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To Spoil or Not to Spoil: Who Needs to Take Responsibility for Spoilers?

03/26/2014 01:58 pm ET | Updated May 26, 2014

Spoilers

Caution, this post will contain spoilers!

Spoilers.  They're a hot topic when it comes to our favorite television shows.  What constitutes a spoiler?  Is there a statute of limitations on spoilers?  Who's responsible for the spoiler?  There are so many questions about spoilers, but what is reasonable?   We've all seen those people post in their Facebook or Twitter feed: "I haven't watched yet so please NO SPOILERS" right at that exact moment you're dying to talk about that big, huge development on your favorite show!  And while we all need to be respectful of those who haven't had the chance to watch yet, maybe they need to be the one to avoid social media if they truly want to avoid their show being spoiled.  Asking your friends to avoid talking about their favorite television shows because you haven't had the chance to watch yet seems a bit entitled to me.  

Social media exists so that we can all jaw-drop at the same time when something incredible happens on one of our favorite television shows and it makes the viewing experience so much better.  Remember the 'Red Wedding' scene during last season's Game of Thrones and how awesome it was because of social media?  When we could all take to Twitter at the exact same time to say 'WTF?!?!' Or how about anxiously awaiting to see how True Detective will end and needing to talk to everyone about it, and not just those people in your living room?!  Social media has brought the viewing audience together allowing us to share our thoughts and feelings about our favorite shows, so while we need to be respectful of those who can't watch in real time, those who can't watch also need to avoid situations where there might be spoilers.

In a perfect world every post or tweet about a television program would be labelled *Spoiler Alert* before being published, but we all know that doesn't always happen. So if you're online during your favorite show's season finale, there's a good chance that you're going to see something that you don't want to see, making it best to avoid social media until you watch for yourself.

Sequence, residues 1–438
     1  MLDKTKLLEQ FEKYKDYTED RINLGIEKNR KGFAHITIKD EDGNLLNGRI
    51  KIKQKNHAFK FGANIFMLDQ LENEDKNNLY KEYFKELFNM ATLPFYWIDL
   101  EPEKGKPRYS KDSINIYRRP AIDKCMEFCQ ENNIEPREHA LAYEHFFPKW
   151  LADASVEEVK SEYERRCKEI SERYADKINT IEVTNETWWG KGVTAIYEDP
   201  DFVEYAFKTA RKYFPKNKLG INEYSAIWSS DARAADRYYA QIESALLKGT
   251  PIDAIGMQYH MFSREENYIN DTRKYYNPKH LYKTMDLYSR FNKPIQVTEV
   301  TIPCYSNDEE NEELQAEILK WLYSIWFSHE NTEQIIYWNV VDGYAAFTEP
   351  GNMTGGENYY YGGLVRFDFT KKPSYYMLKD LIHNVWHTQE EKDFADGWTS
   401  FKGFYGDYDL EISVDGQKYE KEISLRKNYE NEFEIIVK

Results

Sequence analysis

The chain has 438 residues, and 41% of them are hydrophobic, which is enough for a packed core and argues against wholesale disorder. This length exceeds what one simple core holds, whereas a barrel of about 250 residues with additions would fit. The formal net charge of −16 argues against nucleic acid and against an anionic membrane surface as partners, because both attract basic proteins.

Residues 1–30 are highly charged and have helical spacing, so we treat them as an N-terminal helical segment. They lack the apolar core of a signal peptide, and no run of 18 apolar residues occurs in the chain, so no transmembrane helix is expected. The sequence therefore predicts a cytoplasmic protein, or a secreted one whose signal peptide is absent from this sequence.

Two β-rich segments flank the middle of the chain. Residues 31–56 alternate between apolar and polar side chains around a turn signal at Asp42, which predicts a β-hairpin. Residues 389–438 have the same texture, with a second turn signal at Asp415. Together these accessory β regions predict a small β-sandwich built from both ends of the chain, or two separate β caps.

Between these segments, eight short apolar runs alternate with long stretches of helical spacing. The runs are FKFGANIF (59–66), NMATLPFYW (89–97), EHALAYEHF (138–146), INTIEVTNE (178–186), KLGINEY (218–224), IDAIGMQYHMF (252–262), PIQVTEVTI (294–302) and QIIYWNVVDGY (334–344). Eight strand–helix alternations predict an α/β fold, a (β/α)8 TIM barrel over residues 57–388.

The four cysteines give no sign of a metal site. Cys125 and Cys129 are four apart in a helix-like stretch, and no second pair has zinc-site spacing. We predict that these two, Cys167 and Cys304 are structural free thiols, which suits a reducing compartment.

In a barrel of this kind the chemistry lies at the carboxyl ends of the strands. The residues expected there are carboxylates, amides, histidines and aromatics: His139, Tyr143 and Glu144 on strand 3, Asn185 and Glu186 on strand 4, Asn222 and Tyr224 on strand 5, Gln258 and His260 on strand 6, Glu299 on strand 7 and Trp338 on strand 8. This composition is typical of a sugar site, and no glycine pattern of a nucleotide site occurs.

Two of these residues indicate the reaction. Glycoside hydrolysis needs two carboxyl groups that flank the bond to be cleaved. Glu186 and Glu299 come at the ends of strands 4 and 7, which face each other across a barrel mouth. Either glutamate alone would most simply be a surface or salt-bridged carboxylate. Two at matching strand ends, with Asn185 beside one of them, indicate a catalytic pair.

While we should all be respectful of others and label our spoilers in the first week or so after a television show airs, there has to be a statute of limitations.  I was involved in a Facebook chat where the parties involved were discussing a particular blog post about Downton Abbey.  In this blog post, the author spoke about a character who was killed off in a previous season.  One of the commenters was livid that this piece of information didn't come with a *Spoiler Alert* because they are currently watching on Netflix and haven't reached that point yet. Are we really expected to place spoiler alerts on plot twists that are more than one season old? If you're only on season 2 of a show that is currently filming its fifth season you need to realize the chance that you might encounter spoilers.  Watch at your own risk.

I might be in the minority here but spoilers have never really bothered me.  In fact I have been known to read everything I can about a favorite show even if I haven't had the opportunity to watch the most current episode.  I love knowing what other people think about how a show is progressing and about the character development and if there's a major plot twist like a main character getting killed off on a season-ending cliffhanger. That's not to say that I don't appreciate the genuine surprise and shock that I experience when watching a really great episode (again, I will point to the 'Red Wedding' episode) but if I had known about that beforehand (like the millions of people that have read the book) I don't think it would have diminished my enjoyment of that scene. If a show is well written with great characters and great actors, spoilers really don't spoil anything.

At the end of the day I think we all have to use a bit of common courtesy when it comes to spoilers by using *Spoiler Alert* and clearly labeling online conversations as such. After all, no one needs to be the asshole that posts in all caps on their Facebook page *Good Wife Spoiler Ahead* 'OMG THEY KILLED WILL GARDNER' the second after the scene airs. But if you're really against any and all type of spoilers, it might be easier to turn off the social media. At least for a day or two.

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